Cox, Robert, and Phaedra C. Pezullo. “Chapter 1 Studying/Practicing Environmental Communication.” Environmental Communication and the Public Sphere. Los Angeles: SAGE, 2016. Print.

History is a very important aspect of most disciples that study human behaviour. Ecology interestingly encompasses both the study of human behaviour on the societal level and on a personal level. Therefore history is integral to understanding not only the large-scale patterns of humankind’s impact on the environment, but also our personal virtues, actions, and opinions concerning what it means to be eco-friendly. Without history, we are forced to look at the status quo isolated from all the events that explain why the present is so. History illuminates dimensions of positions, injustices, and actions that would otherwise be lost. For example, studies show that discrimination against non-whites continues in the housing market. Examined in isolation, one can easily be led to think that this is not telling of a larger and deeper issue of discrimination in our society. However, given the context of slavery, Jim Crow laws, etc., discrimination in the housing market can be seen as a symptom of larger-scale racism in America. History allows us to overcome this myopia.

Specifically in relation to the environmental studies, history allows us to be aware of how certain opinions and positions concerning the environment have arisen. For example, when discussing corporations and lobbyists, Cox uses history to show how the emergence of “greenwashing” (misleading advertising that claims a product promotes environmental values) is actually another form of corporations masking their real environmental impact. Overall, the use of history in environmental studies will add more dimensions to our discussions on current injustices.

 

Cox, Robert, and Phaedra C. Pezullo. “Chapter 1 Studying/Practicing Environmental Communication.” Environmental Communication and the Public Sphere. Los Angeles: SAGE, 2016. Print.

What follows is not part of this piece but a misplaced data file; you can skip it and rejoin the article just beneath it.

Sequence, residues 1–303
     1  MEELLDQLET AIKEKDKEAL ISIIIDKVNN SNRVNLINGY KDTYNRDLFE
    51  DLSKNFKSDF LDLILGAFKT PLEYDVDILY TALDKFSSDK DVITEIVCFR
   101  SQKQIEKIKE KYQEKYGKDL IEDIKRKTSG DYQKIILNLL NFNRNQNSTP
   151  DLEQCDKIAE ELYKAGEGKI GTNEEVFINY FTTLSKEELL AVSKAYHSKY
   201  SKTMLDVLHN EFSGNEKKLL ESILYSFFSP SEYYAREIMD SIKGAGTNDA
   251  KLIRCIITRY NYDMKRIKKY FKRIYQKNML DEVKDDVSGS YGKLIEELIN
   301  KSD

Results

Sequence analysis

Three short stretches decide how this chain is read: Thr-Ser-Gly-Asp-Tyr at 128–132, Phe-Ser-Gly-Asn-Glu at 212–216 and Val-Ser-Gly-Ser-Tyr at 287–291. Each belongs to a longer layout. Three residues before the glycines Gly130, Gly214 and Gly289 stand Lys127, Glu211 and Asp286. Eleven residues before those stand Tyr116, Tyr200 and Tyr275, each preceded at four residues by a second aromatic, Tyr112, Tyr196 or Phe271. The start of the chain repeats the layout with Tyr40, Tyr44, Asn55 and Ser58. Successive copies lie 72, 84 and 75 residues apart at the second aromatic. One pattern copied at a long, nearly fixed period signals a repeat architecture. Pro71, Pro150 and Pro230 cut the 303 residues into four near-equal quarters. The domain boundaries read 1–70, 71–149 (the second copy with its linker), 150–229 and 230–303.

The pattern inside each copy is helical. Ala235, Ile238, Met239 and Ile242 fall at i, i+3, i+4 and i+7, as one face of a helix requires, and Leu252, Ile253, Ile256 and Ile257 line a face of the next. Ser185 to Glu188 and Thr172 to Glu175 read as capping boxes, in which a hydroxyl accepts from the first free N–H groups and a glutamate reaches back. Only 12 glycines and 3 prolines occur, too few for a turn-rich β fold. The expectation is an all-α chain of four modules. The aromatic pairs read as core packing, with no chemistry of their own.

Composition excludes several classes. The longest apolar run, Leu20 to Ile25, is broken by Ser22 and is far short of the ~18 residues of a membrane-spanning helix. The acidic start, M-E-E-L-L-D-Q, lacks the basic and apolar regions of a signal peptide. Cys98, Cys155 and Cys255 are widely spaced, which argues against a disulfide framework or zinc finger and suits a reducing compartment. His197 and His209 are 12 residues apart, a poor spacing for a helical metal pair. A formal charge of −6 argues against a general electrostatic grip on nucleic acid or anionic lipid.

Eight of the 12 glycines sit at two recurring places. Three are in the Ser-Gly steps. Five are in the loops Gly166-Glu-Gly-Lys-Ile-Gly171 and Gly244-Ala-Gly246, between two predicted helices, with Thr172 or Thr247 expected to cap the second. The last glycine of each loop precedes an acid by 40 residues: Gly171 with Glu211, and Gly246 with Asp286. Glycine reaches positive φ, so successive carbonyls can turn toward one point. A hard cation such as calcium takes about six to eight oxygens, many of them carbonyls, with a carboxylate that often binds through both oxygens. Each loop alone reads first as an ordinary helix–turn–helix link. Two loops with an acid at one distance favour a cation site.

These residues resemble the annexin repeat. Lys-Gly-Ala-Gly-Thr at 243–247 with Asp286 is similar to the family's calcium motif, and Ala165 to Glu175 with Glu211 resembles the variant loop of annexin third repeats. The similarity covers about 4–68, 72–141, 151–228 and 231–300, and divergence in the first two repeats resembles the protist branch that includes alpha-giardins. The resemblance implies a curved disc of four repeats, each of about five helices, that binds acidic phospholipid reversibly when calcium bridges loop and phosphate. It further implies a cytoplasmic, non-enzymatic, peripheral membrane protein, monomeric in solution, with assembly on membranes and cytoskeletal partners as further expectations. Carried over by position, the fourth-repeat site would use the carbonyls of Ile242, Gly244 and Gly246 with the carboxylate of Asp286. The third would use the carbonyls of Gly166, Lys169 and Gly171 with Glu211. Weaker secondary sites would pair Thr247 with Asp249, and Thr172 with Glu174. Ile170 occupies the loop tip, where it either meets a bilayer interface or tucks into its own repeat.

Dewan, Shaila. “Discrimination in Housing Against Nonwhites Persists Quietly, U.S. Study Finds.” New York Times, 11 June 2013.

Intro

January 27th, 2017 | Posted by Riley Cohen in Uncategorized - (0 Comments)

Name: Riley Cohen

Hometown: Montreal, Canada

Major: Economics/Computer Science

Three topics/ideas/issues that intrigue me: Philosophy, History, basketball

Most interesting bit of news I read today (or lately): France has banned free refills on sugary drinks

Economy – Ryan Bronstein

January 27th, 2017 | Posted by Ryan Bronstein in Uncategorized - (0 Comments)

The economy in its most used sense is far too specific. In the United States, perhaps due to the concurrent financialization of its institutions, the term “economy” is primarily associated with the market. By market, I mean the exchange of what Robert Costanza calls “built” capital, referring to human artifacts that have become a part of our daily consumption. Nevertheless, the economy is so much more than that.  It surrounds our society like an atmosphere, and much like Earth’s atmosphere, we are contributing to its pollution. In discussing economics, far too frequently are non-monetary based forms of capital disregarded. These forms include natural, social, and human capital, and include the most basic needs of life such as oxygen.  However, if these forms of capital are so important, why are they not being treated as such?